3.2.3. Novel Object Recognition Task.

Novel object recognition task was performed in a 30×30×30 cm wooden chamber with walls painted black, the front wall made of Plexiglas and the floor covered with ethyl vinyl acetate sheet. A light bulb, hanging 60 cm above the behavioral apparatus, provided constant illumination of about 40 lux, and an air-conditioner provided constant background sound isolation. The objects used were plastic mounting bricks, each of them with different shapes and colors, but same size. Throughout the experiments objects were used in a counterbalanced manner and animals showed no preference for any of the objects. Chambers and objects were thoroughly cleaned with 30% ethanol before and after each animal was test.

Six days after Aβ25–35 or Aβ35–25 injection the novel object recognition task was performed according to Wang and coworkers [15], with minor modifications. The task consisted of habituation, training and testing sessions, each of them lasting 8 minutes. In the first session, mice were habituated to the behavioral apparatus, with no objects, and then returned to their home cages. Twenty-four hours later, training session took place, where animals were exposed to two equal objects (object A), and the exploration time was recorded with two stopwatches. Exploration was recorded when the animal touched or reached the object with the nose at a distance of less than 2 cm. Climbing or sitting on the object was not considered exploration. Immediately after training the animals were randomly assigned to the following groups: vehicle (PBS 3 µl), traxoprodil (0.002–0.2 nmol/site), arcaine (0.02–0.2 nmol/site) or spermidine (2 nmol/site). DFMO (0.27–27 nmol/site) was given 1 hour prior training. Doses used were based on previous work [16], [17], [18] and dose-effect curves (Figure 1B, 1D, 1E). Figure 1A, 2A and 2B display a time-line with treatments and administration time. The test session was carried out 24 hours after training, when mice were placed back in the behavioral chamber and one of the familiar objects (i.e. object A) was replaced by a novel object (i.e. object B). The time spent exploring the familiar and the novel object was recorded. The discrimination index was then calculated, taking into account the difference of time spent exploring the new and familiar objects, ([(Tnovel – Tfamiliar)/(Tnovel + Tfamiliar)] ×100 (%)), and used as a memory parameter. Experiments and data analysis were conducted by an experimenter blind to treatment conditions.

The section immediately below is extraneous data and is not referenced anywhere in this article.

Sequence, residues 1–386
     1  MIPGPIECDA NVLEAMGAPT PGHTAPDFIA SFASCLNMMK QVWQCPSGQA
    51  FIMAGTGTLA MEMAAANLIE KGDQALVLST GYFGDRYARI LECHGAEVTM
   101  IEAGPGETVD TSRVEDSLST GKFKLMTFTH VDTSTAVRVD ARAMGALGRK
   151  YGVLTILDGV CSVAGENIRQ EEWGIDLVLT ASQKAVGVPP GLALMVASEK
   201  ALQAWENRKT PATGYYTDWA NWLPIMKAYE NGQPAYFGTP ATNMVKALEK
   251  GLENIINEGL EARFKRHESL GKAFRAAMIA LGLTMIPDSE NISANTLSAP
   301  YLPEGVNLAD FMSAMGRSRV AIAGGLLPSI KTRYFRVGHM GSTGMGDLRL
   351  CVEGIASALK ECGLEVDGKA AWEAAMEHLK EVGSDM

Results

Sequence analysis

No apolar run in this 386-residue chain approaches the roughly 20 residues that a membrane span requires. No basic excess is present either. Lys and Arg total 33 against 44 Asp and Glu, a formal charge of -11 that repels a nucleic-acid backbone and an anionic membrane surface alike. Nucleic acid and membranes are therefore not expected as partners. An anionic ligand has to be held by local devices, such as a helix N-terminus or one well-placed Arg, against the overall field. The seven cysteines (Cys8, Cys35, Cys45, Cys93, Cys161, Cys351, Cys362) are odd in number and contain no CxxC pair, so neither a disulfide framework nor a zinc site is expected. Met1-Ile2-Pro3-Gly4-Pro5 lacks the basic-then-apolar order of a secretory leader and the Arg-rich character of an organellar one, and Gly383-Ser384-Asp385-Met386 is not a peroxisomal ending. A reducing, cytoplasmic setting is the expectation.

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Figure 1. Traxoprodil (B, C), arcaine (D, E) and DFMO (F, G) restore memory of Aβ25–35-injected mice, in the novel object recognition task.

(A) Experimental schedule, i.c.v., intracerebroventricular. Traxoprodil and arcaine were administered immediately after training. DFMO was administered 1 hour prior training. Data shown as mean +S.E.M. N = 3  = –5 animals per group for B, D, F. N = 5–9 animals per group for C, E, G. *P<0.05 when compared to control, **P<0.01 and P<0.001when compared to control or Aβ25–35 group.

https://doi.org/10.1371/journal.pone.0099184.g001

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Figure 2. Spermidine administration reverses the ameliorative effect of arcaine and DFMO on memory of Aβ25–35-injected mice.

(A) Spermidine was co-administered with arcaine (0.02 nmol/site) immediately after training. (B) (2.7 nmol/site) DFMO was administered 1 hour prior training and immediately after training were injected with spermidine. I.c.v.  =  intracerebroventricular. Data shown as mean + S.E.M. N = 6–7 per group. **p<0.001 when compared vehicle + arcaine or vehicle + DFMO control.

https://doi.org/10.1371/journal.pone.0099184.g002

3.3. In vitro experiments

3.3.1 Primary hippocampal cell culture.

Hippocampal primary cultures were prepared as described previously [19] using 19 days old Wistar rat embryos (Leibniz Institute for Neurobiology, breeding stock). Cells were plated in a density of 40.000 cells per 18 mm coverslips, grown in 1 ml of neurobasal medium (NB, Gibco) supplemented with B27 (Life Technologies) and 200 mM L-glutamine. Cells were kept in a humidified 95% air, 5% CO2 incubator at 37°C with no further change.

3.3.2. Extrasynaptic NMDAR-induced Jacob nuclear accumulation.